Ministers May Move University Applications After Level A Results | Education

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The Secretary of Education is planning a radical overhaul of the university admissions system in England, with students applying after level A results and the start of the academic year possibly moved to January, the Guardian learned.Officials from the Department of Education (DfE), led by Gavin Williamson, modeled the move to post-qualification admissions to improve social mobility and help disadvantaged out-of-school youth.

Under the current system, sixth trainers in England apply to university in January using the scores predicted by their teachers, before moving on to level A in late spring and accepting university offers in June. Exam results are released in August, which means that those who have missed their required marks face a frantic race to join the cleanup and find another course. The teachers’ grade predictions are notoriously inaccurate, which adds to the confusion for students and admissions staff.

Under the proposed change, school leavers and other applicants would only make final university applications after their exam results, which means they would have a clear understanding of the courses for which they are qualified.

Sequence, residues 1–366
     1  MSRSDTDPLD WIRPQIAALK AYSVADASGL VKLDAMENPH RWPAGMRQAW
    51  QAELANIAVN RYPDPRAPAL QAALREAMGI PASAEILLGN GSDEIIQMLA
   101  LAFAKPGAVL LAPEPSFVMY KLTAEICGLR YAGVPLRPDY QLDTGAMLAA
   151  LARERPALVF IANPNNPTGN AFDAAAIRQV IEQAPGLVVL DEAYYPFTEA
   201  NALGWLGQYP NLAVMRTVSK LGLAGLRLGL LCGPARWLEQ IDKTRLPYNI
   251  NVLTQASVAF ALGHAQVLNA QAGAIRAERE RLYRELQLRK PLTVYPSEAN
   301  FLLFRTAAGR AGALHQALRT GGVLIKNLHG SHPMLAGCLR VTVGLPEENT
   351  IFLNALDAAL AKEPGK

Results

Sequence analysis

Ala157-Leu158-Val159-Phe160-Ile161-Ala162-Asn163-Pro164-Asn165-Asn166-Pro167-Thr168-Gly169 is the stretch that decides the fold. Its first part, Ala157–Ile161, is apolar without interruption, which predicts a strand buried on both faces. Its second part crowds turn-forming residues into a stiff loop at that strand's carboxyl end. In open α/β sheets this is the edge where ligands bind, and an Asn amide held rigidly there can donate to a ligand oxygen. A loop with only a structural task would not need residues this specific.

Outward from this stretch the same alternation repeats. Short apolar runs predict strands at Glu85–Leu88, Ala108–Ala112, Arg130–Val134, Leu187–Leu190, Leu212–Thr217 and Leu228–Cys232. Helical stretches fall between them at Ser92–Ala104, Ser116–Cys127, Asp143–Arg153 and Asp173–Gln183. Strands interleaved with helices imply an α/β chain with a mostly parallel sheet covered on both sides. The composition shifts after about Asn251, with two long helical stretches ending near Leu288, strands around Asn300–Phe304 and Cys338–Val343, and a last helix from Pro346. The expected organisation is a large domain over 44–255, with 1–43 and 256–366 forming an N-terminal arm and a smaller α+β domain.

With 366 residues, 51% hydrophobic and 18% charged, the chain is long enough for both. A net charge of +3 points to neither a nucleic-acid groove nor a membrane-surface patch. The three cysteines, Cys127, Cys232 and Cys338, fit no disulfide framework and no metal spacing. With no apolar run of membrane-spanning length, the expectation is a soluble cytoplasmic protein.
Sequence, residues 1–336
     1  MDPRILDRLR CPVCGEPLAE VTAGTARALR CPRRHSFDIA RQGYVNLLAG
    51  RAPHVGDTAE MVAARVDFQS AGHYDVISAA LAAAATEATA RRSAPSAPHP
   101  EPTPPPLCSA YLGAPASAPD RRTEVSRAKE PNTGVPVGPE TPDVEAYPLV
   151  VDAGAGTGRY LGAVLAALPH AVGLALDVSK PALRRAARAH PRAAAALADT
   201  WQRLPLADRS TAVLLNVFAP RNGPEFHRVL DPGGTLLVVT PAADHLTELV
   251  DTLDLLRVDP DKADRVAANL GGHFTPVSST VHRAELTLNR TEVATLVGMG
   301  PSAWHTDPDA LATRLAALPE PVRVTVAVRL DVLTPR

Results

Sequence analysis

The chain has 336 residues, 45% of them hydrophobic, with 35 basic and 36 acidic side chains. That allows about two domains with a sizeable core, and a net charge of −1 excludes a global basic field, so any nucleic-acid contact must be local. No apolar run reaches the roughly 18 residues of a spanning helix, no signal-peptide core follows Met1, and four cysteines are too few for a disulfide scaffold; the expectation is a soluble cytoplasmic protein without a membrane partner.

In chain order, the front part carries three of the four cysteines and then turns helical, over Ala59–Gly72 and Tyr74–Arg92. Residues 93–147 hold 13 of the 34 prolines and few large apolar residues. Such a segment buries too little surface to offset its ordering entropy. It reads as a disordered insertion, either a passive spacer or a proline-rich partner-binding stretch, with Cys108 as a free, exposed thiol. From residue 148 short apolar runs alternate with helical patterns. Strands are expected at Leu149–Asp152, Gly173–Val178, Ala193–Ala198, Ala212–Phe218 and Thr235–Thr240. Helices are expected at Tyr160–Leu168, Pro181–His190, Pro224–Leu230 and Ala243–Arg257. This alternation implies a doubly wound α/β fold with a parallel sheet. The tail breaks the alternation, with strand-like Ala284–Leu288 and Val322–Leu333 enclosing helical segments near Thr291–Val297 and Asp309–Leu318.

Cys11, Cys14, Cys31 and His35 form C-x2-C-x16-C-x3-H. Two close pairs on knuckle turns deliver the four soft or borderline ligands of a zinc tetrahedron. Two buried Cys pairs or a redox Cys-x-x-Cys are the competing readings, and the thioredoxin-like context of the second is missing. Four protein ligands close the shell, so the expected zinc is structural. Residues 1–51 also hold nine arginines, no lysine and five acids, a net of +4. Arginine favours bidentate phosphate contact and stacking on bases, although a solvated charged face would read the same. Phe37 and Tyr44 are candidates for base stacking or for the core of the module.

The ministers, including Williamson, are convinced that the post-results candidacies would benefit disadvantaged young people, especially students from Black and Minority Ethnic Groups (BAME).

The ratings provided are often unreliable. Research from the Sutton Trust has shown that disadvantaged students tend to receive lower Grade A grades.

Ministers also want to give government more direct oversight of the path to higher education, removing what they see as a bureaucratic tangle of planned grades and conditional and unconditional offers that has grown around of the current system.

He intervenes when the secretary of affairs, Alok Sharma, must announce additional financial support to universities, in particular 200 million pounds sterling to finance the research posts likely to suffer from cuts resulting from the coronavirus pandemic, and loans to cover losses related to lower tuition fees for international students. Additional support, with additional research and development funding planned for next year, is expected to be announced shortly.

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